A – 2014 Regular season wins – To be determined
B – 2014 Postseason wins + postseason series played/advanced (in a season without World Series championship) – To be determined
C – 2014 Postseason wins + postseason series played/advanced (in a season with World Series championship) – To be determined
The variables A, B, and C are pure measurements for on-field productivity in a single season (wins), and when calculating an individual team’s OFFER score the values for A, B, or C will vary based on the outcome of their individual season.
All 30 teams will have a positive value for A for regular season wins, only nine teams will have a positive value for B (the total number of teams who advanced to the playoffs but failed to win the World Series), and only one team will have a positive value for C (the San Francisco Giants, who will have positive values for A and C, but not for B).
To further explain, let’s quickly calculate the on-field productivity values for the San Francisco Giants, Kansas City Royals, and the New York Yankees in 2014.
The San Francisco Giants won 88 regular season games this year, so their value for A would be 88. They beat the Pirates in the Wild Card game (1 win + 1 playoff series = 2), the Nationals in the NLDS (3 wins + 1 playoff series = 4), the Cardinals in the NLCS (4 wins + 1 playoff series = 5), and then the Royals for World Series (4 wins + 1 playoff series = 5). So the Giants assignable value for C is 16 (2 + 4 + 5 + 5).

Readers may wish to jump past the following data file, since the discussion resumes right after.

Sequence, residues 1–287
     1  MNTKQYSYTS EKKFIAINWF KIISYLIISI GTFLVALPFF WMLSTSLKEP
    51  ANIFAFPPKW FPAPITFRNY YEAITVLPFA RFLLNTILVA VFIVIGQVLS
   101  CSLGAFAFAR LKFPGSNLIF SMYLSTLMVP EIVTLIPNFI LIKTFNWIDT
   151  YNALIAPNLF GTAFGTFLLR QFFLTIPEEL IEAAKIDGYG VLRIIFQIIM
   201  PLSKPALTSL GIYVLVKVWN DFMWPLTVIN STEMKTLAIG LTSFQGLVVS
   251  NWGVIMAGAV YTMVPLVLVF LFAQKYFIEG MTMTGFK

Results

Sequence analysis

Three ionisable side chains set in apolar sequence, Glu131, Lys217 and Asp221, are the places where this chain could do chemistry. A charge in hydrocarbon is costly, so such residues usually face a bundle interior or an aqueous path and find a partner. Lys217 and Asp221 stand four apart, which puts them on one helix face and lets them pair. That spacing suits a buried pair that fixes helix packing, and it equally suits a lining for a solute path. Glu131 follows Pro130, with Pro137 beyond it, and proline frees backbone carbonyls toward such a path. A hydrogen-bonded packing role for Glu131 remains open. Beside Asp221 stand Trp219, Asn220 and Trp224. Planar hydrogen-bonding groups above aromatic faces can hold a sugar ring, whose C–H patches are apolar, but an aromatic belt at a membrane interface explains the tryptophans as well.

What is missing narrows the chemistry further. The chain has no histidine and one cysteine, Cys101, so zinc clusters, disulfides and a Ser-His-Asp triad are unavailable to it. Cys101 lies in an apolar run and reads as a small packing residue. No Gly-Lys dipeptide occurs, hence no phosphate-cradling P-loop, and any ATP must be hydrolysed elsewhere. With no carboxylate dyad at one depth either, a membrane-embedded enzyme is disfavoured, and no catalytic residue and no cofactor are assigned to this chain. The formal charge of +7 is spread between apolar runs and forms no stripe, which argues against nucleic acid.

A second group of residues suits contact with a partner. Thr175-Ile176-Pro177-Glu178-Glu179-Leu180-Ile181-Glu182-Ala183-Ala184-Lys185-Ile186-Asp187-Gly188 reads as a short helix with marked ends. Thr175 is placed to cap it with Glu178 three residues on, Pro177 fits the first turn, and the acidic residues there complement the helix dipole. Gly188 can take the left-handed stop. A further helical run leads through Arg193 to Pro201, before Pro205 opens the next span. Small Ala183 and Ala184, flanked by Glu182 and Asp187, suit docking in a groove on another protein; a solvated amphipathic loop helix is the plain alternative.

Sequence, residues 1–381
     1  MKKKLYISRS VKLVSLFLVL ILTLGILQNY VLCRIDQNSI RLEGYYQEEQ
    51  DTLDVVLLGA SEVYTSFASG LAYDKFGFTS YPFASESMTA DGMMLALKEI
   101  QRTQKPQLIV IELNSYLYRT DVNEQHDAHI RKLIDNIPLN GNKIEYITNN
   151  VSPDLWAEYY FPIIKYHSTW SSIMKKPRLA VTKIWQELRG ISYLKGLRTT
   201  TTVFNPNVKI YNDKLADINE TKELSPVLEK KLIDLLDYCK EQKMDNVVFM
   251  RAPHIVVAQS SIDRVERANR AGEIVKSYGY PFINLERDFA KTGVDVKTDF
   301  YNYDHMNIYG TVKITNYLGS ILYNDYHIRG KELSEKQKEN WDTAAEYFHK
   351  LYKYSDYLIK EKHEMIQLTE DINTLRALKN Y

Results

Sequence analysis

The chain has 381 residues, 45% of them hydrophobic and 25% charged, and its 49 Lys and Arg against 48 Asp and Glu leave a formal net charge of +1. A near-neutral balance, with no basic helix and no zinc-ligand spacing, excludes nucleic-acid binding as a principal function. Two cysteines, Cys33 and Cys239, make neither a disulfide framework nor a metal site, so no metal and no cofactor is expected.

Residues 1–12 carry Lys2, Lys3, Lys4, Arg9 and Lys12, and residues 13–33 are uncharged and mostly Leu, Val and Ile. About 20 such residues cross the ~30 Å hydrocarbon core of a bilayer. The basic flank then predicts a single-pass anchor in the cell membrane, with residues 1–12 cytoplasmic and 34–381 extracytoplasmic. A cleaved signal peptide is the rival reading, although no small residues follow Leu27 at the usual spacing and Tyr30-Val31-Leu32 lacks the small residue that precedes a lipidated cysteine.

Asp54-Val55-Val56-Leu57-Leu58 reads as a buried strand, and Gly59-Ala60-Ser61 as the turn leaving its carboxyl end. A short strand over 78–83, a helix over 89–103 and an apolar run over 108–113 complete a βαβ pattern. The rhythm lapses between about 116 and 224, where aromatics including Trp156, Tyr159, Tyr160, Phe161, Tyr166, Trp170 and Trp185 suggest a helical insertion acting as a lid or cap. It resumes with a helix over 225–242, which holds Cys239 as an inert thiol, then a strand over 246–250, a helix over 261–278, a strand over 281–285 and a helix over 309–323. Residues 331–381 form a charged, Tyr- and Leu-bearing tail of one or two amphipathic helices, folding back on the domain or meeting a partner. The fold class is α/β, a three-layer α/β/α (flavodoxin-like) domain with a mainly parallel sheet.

San Francisco: A = 88; B = 0, C = 16
The Kansas City Royals won 89 regular season games this year, so their value for A would be 89. They, like the Giants, won a Wild Card game, over the A’s (1 win + 1 playoff series = 2), the ALDS against the Angels (3 wins + 1 playoff series = 4), and the ALCS against the Orioles (4 wins + 5). But the Royals fell short of a World Series title, winning only 3 games before ultimate defeat (3 wins + 1 playoff series = 4). Therefore, the Royals assignable value for B is 15 (2 + 4 + 5 + 4).